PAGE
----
Colbert Agrees With Bill O’Reilly: ‘Black People Are Scary’


“The Word” has always been Stephen Colbert‘s answer to Bill O’Reilly‘s “Talking Points Memo.” And that was never more true than last night, when Colbert delivered his unofficial response to O’Reilly’s own rebuttal to President Obama‘s race speech Monday night.

Colbert’s Word of the night was “Color-bind” and he began by speaking directly to his audience as a white man. “It’s time that we Caucasian-Americans accept that when it comes to furthering the racial dialogue, the ball is in our court. Even though having a ball on a court has never been our strong suit.” After Obama’s frank remarks on what it means to be African-American, Colbert said it was his turn to “be honest about the white experience: Black people are scary.”

Lest anyone attack him for that statement, Colbert pointed to similar ideas and statistics put forward by Fox News’ O’Reilly, Bernie Goldberg and Chris Wallace over the last few days. “That’s not prejudice,” Colbert said in their defense, “that’s just math.”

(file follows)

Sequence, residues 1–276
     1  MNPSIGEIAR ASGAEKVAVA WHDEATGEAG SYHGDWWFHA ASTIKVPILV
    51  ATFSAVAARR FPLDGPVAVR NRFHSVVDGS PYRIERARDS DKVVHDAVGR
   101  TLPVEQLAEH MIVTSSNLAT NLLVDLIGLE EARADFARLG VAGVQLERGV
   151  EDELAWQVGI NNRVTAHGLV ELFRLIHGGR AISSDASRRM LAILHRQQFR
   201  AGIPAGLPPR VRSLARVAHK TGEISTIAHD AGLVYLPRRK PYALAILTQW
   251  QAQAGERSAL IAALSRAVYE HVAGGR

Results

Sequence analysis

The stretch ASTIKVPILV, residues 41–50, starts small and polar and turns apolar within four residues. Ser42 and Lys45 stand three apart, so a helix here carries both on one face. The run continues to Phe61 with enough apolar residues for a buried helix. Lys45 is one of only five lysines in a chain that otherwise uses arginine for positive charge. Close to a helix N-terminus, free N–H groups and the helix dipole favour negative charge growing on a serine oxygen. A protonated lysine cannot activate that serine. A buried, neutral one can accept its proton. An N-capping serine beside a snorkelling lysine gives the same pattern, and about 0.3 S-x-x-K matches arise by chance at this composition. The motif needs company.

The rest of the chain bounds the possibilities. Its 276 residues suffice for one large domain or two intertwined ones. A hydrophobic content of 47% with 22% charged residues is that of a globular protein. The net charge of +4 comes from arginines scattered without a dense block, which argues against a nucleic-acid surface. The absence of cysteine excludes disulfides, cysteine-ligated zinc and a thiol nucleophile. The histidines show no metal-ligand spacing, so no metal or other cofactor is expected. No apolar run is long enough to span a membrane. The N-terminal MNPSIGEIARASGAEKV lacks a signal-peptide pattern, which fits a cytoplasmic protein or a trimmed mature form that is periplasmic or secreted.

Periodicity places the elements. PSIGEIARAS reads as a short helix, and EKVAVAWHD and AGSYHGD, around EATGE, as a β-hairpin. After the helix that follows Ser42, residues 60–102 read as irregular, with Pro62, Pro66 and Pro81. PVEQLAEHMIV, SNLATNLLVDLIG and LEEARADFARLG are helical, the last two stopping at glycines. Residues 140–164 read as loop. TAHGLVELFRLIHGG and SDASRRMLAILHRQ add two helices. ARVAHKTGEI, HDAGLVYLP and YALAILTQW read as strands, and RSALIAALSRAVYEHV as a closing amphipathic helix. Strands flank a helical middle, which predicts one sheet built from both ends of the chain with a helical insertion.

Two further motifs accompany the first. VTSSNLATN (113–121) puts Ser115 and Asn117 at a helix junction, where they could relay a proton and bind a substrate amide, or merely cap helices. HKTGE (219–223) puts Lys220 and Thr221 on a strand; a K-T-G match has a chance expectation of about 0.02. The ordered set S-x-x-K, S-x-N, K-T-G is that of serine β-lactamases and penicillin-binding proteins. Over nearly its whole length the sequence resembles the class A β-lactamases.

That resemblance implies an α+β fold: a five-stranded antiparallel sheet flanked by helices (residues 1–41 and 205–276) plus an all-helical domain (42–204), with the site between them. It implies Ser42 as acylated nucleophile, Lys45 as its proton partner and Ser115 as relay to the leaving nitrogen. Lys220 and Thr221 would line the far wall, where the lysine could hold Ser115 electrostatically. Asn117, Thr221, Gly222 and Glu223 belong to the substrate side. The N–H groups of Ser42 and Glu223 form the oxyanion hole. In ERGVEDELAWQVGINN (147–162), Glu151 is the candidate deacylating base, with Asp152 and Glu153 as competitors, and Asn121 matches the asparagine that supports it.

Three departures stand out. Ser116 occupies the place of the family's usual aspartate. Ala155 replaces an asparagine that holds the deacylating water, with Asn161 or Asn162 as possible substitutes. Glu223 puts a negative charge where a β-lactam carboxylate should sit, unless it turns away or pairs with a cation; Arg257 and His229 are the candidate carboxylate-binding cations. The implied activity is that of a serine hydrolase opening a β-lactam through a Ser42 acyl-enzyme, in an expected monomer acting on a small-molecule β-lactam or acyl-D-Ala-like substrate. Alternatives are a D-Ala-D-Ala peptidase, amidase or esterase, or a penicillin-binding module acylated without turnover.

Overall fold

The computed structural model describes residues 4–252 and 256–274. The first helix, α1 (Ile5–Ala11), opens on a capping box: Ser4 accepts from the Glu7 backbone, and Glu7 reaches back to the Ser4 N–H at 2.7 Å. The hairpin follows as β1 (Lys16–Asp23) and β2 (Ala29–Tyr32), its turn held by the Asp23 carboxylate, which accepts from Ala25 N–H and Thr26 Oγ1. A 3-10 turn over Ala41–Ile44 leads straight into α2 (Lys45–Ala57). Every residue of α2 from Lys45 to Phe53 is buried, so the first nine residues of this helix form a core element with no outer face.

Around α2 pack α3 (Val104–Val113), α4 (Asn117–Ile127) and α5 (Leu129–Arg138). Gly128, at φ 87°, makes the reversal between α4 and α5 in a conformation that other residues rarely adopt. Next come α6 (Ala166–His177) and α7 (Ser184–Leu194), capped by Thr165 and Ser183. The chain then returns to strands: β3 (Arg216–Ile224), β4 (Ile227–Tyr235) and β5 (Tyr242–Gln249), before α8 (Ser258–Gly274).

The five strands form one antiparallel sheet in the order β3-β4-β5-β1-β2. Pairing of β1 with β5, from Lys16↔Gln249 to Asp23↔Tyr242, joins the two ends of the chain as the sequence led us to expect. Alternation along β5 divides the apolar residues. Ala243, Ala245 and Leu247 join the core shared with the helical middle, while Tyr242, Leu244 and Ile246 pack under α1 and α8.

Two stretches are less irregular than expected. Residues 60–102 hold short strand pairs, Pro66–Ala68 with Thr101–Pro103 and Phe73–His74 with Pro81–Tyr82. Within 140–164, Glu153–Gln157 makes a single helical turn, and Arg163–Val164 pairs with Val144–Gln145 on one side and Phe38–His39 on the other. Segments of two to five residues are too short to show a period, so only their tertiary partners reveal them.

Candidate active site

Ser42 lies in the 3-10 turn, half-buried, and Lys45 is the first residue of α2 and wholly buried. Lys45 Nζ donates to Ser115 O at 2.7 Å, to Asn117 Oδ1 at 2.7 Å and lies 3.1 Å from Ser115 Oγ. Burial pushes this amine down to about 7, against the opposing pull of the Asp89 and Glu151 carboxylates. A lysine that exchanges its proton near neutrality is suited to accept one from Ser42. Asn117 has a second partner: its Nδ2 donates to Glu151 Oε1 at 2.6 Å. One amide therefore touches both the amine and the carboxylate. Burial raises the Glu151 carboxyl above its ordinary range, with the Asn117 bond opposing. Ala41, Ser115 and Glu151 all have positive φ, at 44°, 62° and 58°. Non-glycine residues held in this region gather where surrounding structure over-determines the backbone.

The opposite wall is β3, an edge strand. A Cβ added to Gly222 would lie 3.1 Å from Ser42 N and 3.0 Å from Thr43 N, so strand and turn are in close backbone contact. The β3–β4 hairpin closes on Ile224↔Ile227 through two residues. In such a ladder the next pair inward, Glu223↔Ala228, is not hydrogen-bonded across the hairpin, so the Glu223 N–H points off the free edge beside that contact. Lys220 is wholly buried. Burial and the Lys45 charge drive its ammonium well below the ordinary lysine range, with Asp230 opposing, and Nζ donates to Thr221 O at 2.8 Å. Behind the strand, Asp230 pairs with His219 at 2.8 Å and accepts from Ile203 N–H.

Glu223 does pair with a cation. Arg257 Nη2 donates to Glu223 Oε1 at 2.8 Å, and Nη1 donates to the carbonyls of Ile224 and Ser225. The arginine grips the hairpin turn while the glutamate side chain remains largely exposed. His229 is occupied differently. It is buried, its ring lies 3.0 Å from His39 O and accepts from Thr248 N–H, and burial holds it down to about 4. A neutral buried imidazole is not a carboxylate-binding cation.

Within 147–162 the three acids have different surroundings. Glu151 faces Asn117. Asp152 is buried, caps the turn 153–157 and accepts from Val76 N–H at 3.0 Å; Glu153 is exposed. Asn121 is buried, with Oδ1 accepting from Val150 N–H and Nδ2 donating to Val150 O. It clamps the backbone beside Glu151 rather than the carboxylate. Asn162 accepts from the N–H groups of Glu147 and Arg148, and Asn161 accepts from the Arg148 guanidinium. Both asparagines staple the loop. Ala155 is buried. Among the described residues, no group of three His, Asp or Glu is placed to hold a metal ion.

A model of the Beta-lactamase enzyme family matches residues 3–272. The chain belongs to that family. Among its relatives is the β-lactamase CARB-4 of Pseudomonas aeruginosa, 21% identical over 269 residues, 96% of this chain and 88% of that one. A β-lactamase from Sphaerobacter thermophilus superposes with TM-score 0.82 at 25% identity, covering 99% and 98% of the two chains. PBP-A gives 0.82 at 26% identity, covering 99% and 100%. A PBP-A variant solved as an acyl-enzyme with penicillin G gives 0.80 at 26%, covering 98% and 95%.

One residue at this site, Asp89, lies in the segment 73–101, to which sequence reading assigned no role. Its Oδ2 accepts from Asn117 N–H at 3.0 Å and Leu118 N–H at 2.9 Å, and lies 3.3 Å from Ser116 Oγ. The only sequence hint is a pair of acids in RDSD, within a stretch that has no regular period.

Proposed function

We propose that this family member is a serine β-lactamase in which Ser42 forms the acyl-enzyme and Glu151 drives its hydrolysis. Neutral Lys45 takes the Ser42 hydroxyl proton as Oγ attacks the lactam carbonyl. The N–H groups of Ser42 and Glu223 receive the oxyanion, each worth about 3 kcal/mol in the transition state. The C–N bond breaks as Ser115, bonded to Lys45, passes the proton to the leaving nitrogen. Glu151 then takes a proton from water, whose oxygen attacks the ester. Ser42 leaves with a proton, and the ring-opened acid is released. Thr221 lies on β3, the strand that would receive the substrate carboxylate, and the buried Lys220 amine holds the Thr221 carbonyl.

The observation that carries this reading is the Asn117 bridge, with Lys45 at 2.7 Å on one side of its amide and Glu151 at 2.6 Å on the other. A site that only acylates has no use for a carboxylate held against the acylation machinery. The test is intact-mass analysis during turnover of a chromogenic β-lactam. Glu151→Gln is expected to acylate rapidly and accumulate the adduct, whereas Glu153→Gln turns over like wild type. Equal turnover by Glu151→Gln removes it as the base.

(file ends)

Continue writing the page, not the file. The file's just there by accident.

After doing some math of his own, Colbert concluded that white people only need to “reasonably be scared of” .009% of black people. Or as his bullet point put it, “99 problems but 99.99% of black people ain’t one.” Colbert added, “it doesn’t sound like a lot, until you consider that we don’t know which nine-thousandths of one percent. So, to be safe, we have to scared of all of them.”

Now that white people have admitted they’re “terrified,” Colbert said, they have done their part in the racial conservation. “But it’s a two-way street, black people.” Addressing all of his African-American viewers (“both of them”), Colbert said, “it’s your responsibility to change how white people feel about you.”

Taking a page from Obama’s book, Colbert said the answer is for black people to join the Senate. “Once you’re elected to the Senate, no one’s going to think you’re going to do something to them.” As the bullet said, “Shocked if you do anything.” Then, Colbert said to his black viewers, “maybe someday, you too could be president. Then you’ll never inspire irrational fear in white people again.”

Watch video below, via Comedy Central:

>> Follow Matt Wilstein (@TheMattWilstein) on Twitter

Have a tip we should know?

Filed Under: